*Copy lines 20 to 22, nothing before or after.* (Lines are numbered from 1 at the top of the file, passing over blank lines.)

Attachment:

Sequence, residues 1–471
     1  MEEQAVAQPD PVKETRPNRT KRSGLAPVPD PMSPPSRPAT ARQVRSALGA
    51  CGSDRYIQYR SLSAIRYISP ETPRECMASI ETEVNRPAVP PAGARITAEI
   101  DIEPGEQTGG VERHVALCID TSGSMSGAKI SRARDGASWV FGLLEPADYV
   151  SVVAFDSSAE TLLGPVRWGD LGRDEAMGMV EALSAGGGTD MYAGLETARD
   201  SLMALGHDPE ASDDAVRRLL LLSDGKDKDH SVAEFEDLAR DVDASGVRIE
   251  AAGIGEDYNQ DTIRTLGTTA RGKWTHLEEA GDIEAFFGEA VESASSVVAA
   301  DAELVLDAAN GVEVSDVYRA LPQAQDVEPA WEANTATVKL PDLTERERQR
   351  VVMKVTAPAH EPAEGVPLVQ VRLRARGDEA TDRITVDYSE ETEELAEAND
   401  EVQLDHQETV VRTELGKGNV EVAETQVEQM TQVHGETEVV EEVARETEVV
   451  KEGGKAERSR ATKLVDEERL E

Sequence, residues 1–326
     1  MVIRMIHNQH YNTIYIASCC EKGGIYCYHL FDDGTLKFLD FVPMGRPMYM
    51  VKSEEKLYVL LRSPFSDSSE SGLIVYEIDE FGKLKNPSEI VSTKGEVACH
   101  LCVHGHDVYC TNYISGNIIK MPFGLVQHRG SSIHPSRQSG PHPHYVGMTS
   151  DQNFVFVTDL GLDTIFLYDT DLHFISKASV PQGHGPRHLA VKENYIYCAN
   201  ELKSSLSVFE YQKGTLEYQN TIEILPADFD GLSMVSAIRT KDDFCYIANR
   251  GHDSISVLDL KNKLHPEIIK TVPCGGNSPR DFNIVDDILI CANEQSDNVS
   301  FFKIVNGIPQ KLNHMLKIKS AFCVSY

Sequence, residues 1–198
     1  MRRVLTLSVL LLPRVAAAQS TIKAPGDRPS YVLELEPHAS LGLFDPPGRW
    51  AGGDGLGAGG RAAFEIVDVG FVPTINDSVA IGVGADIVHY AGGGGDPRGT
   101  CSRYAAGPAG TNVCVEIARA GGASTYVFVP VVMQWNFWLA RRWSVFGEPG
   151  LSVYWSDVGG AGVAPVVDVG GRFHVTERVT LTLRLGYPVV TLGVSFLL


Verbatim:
Sequence, residues 1–198
     1  MRRVLTLSVL LLPRVAAAQS TIKAPGDRPS YVLELEPHAS LGLFDPPGRW
    51  AGGDGLGAGG RAAFEIVDVG FVPTINDSVA IGVGADIVHY AGGGGDPRGT